River House Makes Desperate Bid for Relevance With $130 M. Listing

A rendering of the possible townhouse.

A rendering of the possible townhouse.

In years past, diplomats, movie stars and the crème de la crème of New York society clamored for entry into River House—the art deco co-op on the East River so elite, so elevated, so refined that it famously prohibited the use of its name in all advertising materials. It admitted only the staidest and most moneyed of applicants, snubbing movie stars and the young socialites alike, among them Diane Keaton and Gloria Vanderbilt.

But in the years since the snootiest of all co-ops first opened its closely-guarded gates, society has changed. There was World War II, and then all the hippies and feminists and radical activists of the 1960s and 70s, the yuppie splendor of the 1980s, the rise of the internet and these days, a real estate market swayed by the whims of Russian billionaires. Along the way, River House lost its place at the pinnacle of New York society. The closing prices of its well-appointed apartments lag tens of millions of dollars behind other top tier co-ops, Beekman and Sutton places have declined in prominence and the social register is now a quaint anachronism, like women wearing hats and gloves when they leave the house.

A rendering of the grand library.

A rendering of the grand library.

But now, the co-op is trying to claw its way back into the game with an outrageous $130 million townhouse apartment carved out of the famous River Club, the club-within-a-club that has operated since River House first opened in 1931. And this is no lone wolf move engineered by a mogul with money signs for eyes, but a plan hatched by the co-op board itself.

The townhouse/mansionette/attached castle would comprise 62,000-square-feet, with the buyer getting raw space and architectural plans drawn up by Tony Ingrao, according to The Wall Street Journal, which broke the news of the listing, held by Brown Harris Stevens brokers Kyle Blackmon and John Burger. The unprecedented listing, asking an unprecedented $130 million, would set price records if sold. And while Mr. Blackmon and Mr. Burger are the dream team if ever there were one—it was Mr. Blackmon who brokered the $88 million sale at 15 Central Park West and the $70 million sale at the Ritz Carlton; Mr. Burger, meanwhile, is the maestro of tony Upper East Side co-op sales—we doubt it can be done.

An 82-foot pool would open onto the garden.

An 82-foot pool would open onto the garden.

First of all, the five-level townhouse would be so vast that it’s hard to see how it would actually function as a home in addition to a trophy—the largest townhouse in all of New York, at least by our measure, is the 45,000-square foot complex on East 72nd Street that was cobbled together out of the old Lycée Français by the Emir of Qatar. Most other baronial residences top out around 20,000 square feet. And while The Journal mentions the possibility of the space being used as an ambassadorial mission, embassies, though known to spend profligately on real estate, are not usually looking to bag the biggest trophy of them all.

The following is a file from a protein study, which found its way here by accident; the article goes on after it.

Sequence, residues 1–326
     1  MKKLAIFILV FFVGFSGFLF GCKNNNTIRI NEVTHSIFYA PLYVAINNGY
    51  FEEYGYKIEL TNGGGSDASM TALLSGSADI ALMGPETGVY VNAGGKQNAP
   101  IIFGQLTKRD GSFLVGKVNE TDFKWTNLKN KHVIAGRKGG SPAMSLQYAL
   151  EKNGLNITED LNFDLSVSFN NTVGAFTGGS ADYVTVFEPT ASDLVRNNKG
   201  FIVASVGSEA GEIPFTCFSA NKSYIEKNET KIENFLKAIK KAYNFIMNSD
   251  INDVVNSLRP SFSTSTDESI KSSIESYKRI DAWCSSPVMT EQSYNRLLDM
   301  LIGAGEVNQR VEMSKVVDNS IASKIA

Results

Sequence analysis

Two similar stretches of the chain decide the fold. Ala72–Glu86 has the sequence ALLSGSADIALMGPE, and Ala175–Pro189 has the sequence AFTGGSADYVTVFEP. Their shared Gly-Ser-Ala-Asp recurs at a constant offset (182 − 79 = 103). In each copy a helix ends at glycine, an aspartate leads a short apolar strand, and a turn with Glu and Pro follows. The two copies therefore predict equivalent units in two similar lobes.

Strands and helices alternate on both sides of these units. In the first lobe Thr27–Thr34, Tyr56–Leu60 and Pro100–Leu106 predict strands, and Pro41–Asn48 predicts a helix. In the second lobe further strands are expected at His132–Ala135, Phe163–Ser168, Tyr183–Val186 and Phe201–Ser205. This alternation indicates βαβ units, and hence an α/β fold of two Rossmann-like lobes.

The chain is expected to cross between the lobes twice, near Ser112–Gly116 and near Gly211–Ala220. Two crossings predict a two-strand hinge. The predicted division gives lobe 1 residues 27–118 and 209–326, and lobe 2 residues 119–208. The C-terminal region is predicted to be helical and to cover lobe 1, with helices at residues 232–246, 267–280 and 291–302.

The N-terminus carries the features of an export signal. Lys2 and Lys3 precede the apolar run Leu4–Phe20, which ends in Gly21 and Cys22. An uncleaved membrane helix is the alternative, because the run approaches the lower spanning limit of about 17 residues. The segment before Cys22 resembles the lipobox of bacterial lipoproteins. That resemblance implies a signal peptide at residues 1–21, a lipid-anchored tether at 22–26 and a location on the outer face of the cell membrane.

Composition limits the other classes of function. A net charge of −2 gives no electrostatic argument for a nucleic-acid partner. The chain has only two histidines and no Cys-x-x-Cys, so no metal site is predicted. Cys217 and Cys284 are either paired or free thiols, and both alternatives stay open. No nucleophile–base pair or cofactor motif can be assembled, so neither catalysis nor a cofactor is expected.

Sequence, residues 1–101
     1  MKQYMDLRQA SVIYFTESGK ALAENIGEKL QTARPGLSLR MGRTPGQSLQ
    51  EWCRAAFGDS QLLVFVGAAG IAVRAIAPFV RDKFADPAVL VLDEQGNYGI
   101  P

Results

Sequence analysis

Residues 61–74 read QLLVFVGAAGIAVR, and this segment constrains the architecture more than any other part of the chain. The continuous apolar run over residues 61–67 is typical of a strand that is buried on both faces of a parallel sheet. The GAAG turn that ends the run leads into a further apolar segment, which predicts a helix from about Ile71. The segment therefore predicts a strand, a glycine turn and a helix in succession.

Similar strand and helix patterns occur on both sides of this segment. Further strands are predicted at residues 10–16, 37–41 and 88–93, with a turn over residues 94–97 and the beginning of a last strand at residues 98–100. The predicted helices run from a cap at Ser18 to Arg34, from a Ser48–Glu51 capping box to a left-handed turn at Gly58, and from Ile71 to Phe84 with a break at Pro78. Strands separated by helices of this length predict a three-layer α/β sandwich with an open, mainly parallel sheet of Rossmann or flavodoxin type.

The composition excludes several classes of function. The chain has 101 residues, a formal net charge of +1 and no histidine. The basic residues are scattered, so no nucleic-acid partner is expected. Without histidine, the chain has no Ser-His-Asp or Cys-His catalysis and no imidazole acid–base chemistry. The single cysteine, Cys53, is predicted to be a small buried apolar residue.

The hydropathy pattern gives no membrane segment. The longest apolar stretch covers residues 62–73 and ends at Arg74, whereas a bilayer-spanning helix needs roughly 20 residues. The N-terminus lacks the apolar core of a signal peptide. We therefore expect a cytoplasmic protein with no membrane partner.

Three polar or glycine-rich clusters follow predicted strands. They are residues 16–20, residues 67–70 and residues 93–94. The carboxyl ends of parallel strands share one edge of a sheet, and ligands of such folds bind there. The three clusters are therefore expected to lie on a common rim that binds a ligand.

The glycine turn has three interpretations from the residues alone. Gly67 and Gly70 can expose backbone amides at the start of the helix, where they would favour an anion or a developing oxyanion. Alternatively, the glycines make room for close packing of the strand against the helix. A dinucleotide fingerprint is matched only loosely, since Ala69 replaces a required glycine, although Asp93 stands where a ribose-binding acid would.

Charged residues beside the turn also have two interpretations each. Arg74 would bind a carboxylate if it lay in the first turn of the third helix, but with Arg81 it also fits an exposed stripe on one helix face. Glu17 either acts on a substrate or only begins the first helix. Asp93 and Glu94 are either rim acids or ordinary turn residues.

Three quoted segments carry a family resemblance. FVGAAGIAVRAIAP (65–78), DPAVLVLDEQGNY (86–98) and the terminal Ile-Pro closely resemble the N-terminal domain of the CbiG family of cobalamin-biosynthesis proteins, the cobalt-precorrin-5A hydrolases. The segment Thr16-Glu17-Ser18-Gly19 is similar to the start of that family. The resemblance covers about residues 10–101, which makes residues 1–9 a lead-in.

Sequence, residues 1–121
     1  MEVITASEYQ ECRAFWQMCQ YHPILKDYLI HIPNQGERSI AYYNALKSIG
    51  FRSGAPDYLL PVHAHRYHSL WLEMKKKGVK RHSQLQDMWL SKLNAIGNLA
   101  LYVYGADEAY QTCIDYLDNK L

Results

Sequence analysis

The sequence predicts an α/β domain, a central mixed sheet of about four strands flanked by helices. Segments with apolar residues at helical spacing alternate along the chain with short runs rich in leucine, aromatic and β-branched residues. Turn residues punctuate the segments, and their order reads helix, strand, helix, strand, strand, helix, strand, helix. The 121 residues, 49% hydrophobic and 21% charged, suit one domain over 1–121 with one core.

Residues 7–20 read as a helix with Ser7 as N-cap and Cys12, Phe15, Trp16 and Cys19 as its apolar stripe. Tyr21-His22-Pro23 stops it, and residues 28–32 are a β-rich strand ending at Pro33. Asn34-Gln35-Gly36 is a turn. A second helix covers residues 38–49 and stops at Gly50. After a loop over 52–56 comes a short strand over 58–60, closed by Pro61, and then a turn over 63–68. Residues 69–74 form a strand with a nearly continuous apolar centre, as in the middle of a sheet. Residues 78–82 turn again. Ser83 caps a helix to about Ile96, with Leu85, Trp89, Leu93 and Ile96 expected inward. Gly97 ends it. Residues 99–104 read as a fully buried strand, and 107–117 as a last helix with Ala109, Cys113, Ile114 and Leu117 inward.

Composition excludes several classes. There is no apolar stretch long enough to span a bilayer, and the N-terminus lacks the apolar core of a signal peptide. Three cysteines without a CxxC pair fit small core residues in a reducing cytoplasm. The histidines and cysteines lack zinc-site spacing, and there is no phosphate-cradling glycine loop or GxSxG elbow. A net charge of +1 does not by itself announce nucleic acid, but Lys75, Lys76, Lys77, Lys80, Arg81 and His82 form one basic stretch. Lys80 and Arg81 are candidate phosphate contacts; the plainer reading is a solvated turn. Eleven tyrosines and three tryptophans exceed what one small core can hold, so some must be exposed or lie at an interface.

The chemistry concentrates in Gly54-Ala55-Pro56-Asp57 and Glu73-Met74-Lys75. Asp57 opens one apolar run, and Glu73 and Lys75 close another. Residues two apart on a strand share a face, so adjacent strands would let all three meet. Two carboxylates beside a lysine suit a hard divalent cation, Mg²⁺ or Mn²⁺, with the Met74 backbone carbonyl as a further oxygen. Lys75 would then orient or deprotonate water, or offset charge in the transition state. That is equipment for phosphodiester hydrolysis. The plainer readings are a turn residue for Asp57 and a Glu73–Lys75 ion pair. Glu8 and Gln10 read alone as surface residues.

There also exists the problem that River House without the River Club is not really River House at all—the tennis courts and swimming pool and restaurant were part of what made the isolated East River co-op an attractive destination for elites in the first place. Not to mention the fact that trophy hunters these days usually expect a broad compliment of building amenities. And while the proposed townhouse would be replete with them, the rest of the co-op would suffer their loss. (The lawyer and president of the board of managers at the 900-member club told The Journal that the club was “still very much in discussions with River House” because there was a “broad recognition that the club adds significant value” to the building.”)

But all these pale in comparison to the biggest sticking point of all—the kind of person, is such a person even exists, who is able and willing to pay $130 million, is likely not be the kind of person that the River House would admit. A Russian fertilizer mogul in brutal divorce negotiations with his wife, a casino king—these are the men setting real estate records in New York. The co-op record still hovers under $60 million for good reason: social credentials rarely align with the deepest pockets. The last time the Pierre penthouse, now listed for $125 million, was on the market, the board reportedly turned down several buyers that were not up to social snuff.  And while the grand dame of real estate has relaxed her ways a little bit—one can now speak her name in real estate listings—we doubt the board will be adopting condo admittance procedures anytime soon.